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Useful Temperate Plants

Viola pedunculata

Torr. & A.Gray

Violaceae

+ Synonyms

Common Name: Grass Pansy

Viola pedunculata
Flowering plant in native habitat
Photograph by: Keir Morse; CalPhotos
Creative Commons License
Viola pedunculata Viola pedunculata Viola pedunculata

General Information

Viola pedunculata is a herbaceous perennial plant producing 1 - 10 decumbent to erect stems 5 - 39cm tall from a shallow to deep-seated, enlarged rhizome with fleshy to subligneous roots[
270
Title
Flora of N. America
Publication
 
Author
 
Website
http://flora.huh.harvard.edu/fna/
Publisher
 
Year
0
ISBN
 
Description
An on-line version of the flora with an excellent description of the plant including a brief mention of plant uses.
].
The plant is harvested from the wild for local use as a food. It is grown as an ornamental in gardens.

Known Hazards

All members of this genus have more or less edible leaves and flower buds, though those species, such as this one, that have yellow flowers can cause diarrhoea if eaten in large quantities[
62
Title
A Field Guide to N. American Edible Wild Plants.
Publication
 
Author
Elias. T. and Dykeman. P.
Publisher
Van Nostrand Reinhold
Year
1982
ISBN
0442222009
Description
Very readable.
,
85
Title
Edible Native Plants of the Rocky Mountains.
Publication
 
Author
Harrington. H. D.
Publisher
University of New Mexico Press
Year
1967
ISBN
0-8623-0343-9
Description
A superb book. Very readable, it gives the results of the authors experiments with native edible plants.
,
159
Title
Wild Food Plants of Indiana.
Publication
 
Author
McPherson. A. and S.
Publisher
Indiana University Press
Year
1977
ISBN
0-253-28925-4
Description
A nice pocket guide to this region of America.
].

Botanical References

71
Title
A California Flora.
Publication
 
Author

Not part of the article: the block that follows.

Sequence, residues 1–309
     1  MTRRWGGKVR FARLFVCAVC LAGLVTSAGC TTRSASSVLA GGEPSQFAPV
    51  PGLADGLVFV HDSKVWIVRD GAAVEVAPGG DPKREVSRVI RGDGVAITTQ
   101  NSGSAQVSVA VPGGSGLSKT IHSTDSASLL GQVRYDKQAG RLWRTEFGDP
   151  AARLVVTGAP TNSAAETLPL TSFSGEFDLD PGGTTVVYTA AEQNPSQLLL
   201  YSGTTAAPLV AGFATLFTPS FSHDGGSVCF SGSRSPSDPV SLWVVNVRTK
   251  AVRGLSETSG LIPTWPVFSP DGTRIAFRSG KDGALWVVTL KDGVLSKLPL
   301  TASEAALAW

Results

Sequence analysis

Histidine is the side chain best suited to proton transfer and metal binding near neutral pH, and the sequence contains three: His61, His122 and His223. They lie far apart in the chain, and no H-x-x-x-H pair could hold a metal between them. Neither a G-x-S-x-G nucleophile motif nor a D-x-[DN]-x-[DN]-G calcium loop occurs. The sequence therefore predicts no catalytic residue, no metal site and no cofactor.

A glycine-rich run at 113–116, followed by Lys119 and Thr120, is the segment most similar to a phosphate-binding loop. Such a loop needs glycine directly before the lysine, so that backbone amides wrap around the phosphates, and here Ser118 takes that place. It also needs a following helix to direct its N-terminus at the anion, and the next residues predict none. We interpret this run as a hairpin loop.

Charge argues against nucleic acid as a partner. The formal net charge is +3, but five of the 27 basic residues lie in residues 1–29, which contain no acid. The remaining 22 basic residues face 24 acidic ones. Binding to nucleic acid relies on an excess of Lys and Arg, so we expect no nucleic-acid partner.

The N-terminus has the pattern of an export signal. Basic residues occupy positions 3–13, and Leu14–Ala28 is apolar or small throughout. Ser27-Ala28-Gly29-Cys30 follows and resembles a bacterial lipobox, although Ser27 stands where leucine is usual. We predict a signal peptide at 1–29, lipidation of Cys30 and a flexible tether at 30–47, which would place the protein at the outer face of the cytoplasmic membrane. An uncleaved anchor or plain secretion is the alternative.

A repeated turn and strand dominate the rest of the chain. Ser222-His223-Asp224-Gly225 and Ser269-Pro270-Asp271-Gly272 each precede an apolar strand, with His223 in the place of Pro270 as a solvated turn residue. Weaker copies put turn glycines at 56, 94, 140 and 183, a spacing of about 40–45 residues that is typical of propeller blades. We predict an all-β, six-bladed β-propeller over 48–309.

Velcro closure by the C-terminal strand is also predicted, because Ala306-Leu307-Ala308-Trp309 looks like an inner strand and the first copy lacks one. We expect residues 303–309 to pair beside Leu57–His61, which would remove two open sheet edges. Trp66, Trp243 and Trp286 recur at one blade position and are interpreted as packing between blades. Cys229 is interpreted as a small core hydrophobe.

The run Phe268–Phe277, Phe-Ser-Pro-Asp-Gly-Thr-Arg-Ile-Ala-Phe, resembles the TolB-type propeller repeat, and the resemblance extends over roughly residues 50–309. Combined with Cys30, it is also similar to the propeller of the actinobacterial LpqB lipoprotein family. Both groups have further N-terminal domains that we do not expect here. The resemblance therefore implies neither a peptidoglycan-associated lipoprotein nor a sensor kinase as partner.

Munz P.A. & Keck D.D.
Publisher
University of California Press; Los Angeles
Year
1959
ISBN
-
Description
An excellent flora but no pictures. Not for the casual reader.
,
270
Title
Flora of N. America
Publication
 
Author
 
Website
http://flora.huh.harvard.edu/fna/
Publisher
 
Year
0
ISBN
 
Description
An on-line version of the flora with an excellent description of the plant including a brief mention of plant uses.

Range

South-western N. America - California

Habitat

Open, grassy coastal and inland slopes and hillsides, usually in full sun, chaparral, foothill and oak woodland; at elevations up to 1,000 metres[
270
Title
Flora of N. America
Publication
 
Author
 
Website
http://flora.huh.harvard.edu/fna/
Publisher
 
Year
0
ISBN
 
Description
An on-line version of the flora with an excellent description of the plant including a brief mention of plant uses.
].

Properties

Edibility Rating *  *
HabitPerennial
Height0.00 m
PollinatorsInsects
Cultivation StatusOrnamental, Wild

Cultivation Details

Viola pedunculata is native to the Mediterranean climate of California, with its hot, dry summers amd cool to cold wet winters. It grows and flowers during the winter and early spring, dying down as the soil becomes dry in the summer[
1
Title
RHS Dictionary of Plants plus Supplement. 1956
Publication
 
Author
F. Chittendon.
Publisher
Oxford University Press
Year
1951
ISBN
-
Description
Comprehensive listing of species and how to grow them. Somewhat outdated, it has been replaced in 1992 by a new dictionary (see [200]).
]. Plants are not very hardy outside Mediterranean climates or other regions of the temperate zone with mild winters[
1
Title
RHS Dictionary of Plants plus Supplement. 1956
Publication
 
Author
F. Chittendon.
Publisher
Oxford University Press
Year
1951
ISBN
-
Description
Comprehensive listing of species and how to grow them. Somewhat outdated, it has been replaced in 1992 by a new dictionary (see [200]).
].
Prefers a cool moist well-drained humus-rich soil in partial or dappled shade and protection from scorching winds. Tolerates sandstone and limestone soils but becomes chlorotic if the pH is too high. Prefers a pH between 6 and 6.5[
200
Title
The New RHS Dictionary of Gardening. 1992.
Publication
 
Author
Huxley. A.
Publisher
MacMillan Press
Year
1992
ISBN
0-333-47494-5
Description
Excellent and very comprehensive, though it contains a number of silly mistakes. Readable yet also very detailed.
].
The stems of Viola pedunculata arise from an enlarged, subterranean, spongy or fibrous rhizome. Often, these rhizome structures are deep seated; it is unknown how they get so deeply buried[